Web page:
Home Reviews Review: A Talented Man, by Henrietta McKervey

Review: A Talented Man, by Henrietta McKervey

A Talented Man.

by Henrietta McKervey | Hachette Books Ireland | 304pp | £13.99 pb | 9781473682719.

Review by Tony Flynn

Ellis Spender is an aspiring writer and member of a once-esteemed society family, who believes that money, success and admiration are his birthright. All of these things allude him, however, until he embarks on a scheme to forge a sequel to one of the most famous novels of all time: Bram Stoker’s Dracula. This ‘discovery’, Ellis believes, will finally grant him the lifestyle that he feels was always his due. As his plan begins to develop, however, his story becomes one not only of forgery and deception, but also murder.

Has there ever existed in the history of popular literature a character more enduring and enigmatic than that of Count Dracula? Since his creation by Bram Stoker in 1897, he has been resurrected time and time again, in books, movies, television shows, graphic novels, etc. etc. The character, quite simply, refuses to die. This renders his author, Bram Stoker, a curiously poignant figure, because Stoker never lived to see just how beloved his work would become. Rather fittingly for an undead character, Dracula’s success exists only in Stoker’s afterlife, and the tremendous success of Bram Stoker is the success of a ghost.

It is in the footsteps of this ghost that Ellis Spender is determined to walk, and McKervey’s novel has the tone of a ghost story in many ways. It is essentially a story about the material world we pass through in our own mortality. Whether it be Ellis’s own fascination with Stoker’s office in the Lyceum theatre—‘If only he could lower himself into the chair Stoker had risen from! Write at the desk he had rested his head on’—or his painstaking fabrication of a manuscript written in Stoker’s hand, the novel is at its most fascinating when interrogating the relationship between the permanent and the perishable.

If it is in forgery that Ellis makes himself like a ghost, then it is in murder that he becomes, like count Dracula, a vampire: cunning, selfish, and willing to sacrifice anyone to ensure he can survive just a little bit longer. When the murder comes (and the cover of the book tells us it will) it is a moment of cold, violent ugliness. It is a truly harrowing thing to read. Through it all, however, McKervey does not lose sight of the material world around her characters, focusing on the details of the clothing and the trinkets that remain after Ellis’s victim has breathed their last. It makes the scene all the more horrific in seeing the simple, modest objects that have been left behind—the furnishings of a life now cut brutally short. Anyone who has ever lost a loved one and then been faced with the pain of sorting through the possessions that have been left behind will know how bittersweet even the most trivial of objects can become when filtered through the prism of someone whom we know once lived. We all, ultimately, haunt the objects and the world that we will inevitably leave behind.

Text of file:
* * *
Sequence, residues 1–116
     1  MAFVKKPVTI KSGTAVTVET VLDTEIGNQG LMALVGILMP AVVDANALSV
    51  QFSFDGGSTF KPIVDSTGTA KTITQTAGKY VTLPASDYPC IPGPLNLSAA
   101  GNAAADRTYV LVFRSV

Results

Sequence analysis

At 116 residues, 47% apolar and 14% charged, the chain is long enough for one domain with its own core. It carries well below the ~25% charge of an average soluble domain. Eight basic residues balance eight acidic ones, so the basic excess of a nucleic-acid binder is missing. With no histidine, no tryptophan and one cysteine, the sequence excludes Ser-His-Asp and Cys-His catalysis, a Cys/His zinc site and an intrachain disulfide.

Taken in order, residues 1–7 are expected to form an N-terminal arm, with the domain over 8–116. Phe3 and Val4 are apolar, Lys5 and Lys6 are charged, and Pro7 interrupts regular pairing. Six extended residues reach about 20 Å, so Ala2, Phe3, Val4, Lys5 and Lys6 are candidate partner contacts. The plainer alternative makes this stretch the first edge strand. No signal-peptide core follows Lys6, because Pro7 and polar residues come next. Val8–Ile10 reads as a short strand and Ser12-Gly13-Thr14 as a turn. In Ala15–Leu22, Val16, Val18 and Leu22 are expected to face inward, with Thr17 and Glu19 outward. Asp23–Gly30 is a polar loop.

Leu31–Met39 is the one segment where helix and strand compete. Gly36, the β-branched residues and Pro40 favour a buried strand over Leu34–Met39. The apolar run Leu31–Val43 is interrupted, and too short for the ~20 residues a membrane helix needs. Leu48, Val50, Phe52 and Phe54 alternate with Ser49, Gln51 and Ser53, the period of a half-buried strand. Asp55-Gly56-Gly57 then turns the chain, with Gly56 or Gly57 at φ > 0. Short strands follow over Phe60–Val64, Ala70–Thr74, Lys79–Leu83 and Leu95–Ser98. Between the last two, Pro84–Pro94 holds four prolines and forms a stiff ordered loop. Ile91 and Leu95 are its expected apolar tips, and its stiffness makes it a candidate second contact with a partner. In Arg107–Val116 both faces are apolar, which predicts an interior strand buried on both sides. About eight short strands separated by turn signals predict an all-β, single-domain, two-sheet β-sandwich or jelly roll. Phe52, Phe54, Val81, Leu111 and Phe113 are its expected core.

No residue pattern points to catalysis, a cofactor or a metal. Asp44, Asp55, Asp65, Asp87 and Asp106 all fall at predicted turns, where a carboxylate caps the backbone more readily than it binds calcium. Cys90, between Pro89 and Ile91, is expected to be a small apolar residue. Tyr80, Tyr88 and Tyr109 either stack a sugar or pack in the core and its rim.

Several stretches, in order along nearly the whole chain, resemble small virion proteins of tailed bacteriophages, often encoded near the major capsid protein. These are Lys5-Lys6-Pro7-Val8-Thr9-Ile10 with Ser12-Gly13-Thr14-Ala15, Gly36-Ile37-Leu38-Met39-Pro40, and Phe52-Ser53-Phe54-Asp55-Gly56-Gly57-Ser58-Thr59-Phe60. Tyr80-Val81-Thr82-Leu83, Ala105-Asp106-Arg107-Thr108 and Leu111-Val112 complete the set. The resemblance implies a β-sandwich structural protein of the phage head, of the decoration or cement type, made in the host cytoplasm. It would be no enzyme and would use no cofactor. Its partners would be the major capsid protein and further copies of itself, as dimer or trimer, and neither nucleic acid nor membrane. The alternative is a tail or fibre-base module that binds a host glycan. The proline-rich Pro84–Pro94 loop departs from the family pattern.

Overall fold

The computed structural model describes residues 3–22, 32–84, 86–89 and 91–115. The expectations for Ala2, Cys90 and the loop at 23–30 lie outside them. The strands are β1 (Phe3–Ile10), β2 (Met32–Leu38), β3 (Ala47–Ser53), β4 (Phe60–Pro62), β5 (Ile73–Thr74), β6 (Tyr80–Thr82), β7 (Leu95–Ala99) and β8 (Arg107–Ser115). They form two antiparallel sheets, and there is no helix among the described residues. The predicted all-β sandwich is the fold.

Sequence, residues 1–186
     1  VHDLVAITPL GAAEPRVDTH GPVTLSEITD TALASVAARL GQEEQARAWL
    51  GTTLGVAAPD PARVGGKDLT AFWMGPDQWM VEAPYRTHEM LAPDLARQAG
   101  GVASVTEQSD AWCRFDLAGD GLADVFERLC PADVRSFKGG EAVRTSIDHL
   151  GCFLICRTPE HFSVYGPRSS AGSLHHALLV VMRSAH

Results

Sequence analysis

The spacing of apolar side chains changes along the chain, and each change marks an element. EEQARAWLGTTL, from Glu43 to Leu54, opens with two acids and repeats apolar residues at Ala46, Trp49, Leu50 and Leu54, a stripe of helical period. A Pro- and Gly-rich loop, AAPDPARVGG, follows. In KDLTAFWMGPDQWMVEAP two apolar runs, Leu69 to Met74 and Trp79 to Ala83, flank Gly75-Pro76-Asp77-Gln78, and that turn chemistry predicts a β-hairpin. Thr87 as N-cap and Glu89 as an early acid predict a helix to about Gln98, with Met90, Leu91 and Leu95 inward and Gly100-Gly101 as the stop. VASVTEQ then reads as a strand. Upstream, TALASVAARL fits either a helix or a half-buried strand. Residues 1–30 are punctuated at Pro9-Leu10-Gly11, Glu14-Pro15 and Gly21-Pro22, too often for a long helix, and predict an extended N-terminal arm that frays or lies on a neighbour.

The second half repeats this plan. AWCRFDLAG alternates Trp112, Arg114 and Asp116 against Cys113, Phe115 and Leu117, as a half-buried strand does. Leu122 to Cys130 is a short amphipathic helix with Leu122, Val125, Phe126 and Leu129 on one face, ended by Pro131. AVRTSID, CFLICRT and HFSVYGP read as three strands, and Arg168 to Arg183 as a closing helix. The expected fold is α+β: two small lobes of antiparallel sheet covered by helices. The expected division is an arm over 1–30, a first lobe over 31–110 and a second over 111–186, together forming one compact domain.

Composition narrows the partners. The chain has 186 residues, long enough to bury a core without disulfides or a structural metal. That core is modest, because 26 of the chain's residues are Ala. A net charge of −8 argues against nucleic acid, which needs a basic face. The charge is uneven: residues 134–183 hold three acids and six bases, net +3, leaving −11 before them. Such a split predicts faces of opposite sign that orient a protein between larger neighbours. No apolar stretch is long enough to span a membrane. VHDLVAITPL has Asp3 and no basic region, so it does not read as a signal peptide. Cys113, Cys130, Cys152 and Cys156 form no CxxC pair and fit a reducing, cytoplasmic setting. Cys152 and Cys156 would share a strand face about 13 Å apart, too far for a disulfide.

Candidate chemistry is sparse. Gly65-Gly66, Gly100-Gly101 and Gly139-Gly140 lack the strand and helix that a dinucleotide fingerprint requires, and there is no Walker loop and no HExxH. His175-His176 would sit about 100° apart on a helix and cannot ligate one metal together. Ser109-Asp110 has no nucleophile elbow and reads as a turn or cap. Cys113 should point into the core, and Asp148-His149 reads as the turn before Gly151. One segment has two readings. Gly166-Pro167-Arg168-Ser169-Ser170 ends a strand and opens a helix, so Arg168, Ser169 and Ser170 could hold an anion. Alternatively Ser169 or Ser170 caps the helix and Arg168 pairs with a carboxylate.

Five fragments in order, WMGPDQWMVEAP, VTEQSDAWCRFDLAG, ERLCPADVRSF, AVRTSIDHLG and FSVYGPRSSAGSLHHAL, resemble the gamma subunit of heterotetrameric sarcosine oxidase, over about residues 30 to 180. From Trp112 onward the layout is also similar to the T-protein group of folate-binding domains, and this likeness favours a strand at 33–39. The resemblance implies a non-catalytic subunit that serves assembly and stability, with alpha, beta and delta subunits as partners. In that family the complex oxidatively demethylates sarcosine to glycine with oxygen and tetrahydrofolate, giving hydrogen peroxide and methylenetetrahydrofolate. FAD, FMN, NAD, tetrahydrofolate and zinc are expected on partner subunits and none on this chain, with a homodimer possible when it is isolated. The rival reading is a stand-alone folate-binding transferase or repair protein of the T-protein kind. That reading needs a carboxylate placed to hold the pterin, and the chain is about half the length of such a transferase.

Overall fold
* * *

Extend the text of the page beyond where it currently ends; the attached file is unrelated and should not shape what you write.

In a world of such fragility, we anchor ourselves to physical things because they give us some sense of permanence in a world that is forever changing around us, but the object to which Ellis anchors himself is a fake. While Ellis pours his best writing into it, and even goes so far as to imagine it grants him a strange kinship with Stoker himself, it ultimately means little more to Ellis beyond the financial and societal gain he hopes it will grant him. It is that jealousy for a life that was never his by right which motivates him. Jealousy is why he forges, and jealousy is why he kills. He is a corrosive individual, striving at some form of immortality, even if he has to assume the life of another to achieve it. That is the irony at the centre of his broken being. His is not easy company to keep for 300 pages, but McKervey has written a fascinating and disturbing tale of deception and psychopathy that keeps the reader gripped from the first page to the last.


Tony Flynn recently completed the M.Phil. in Children’s Literature, Trinity College Dublin, and previously worked as an editorial assistant with Books Ireland. He now works at MoLI.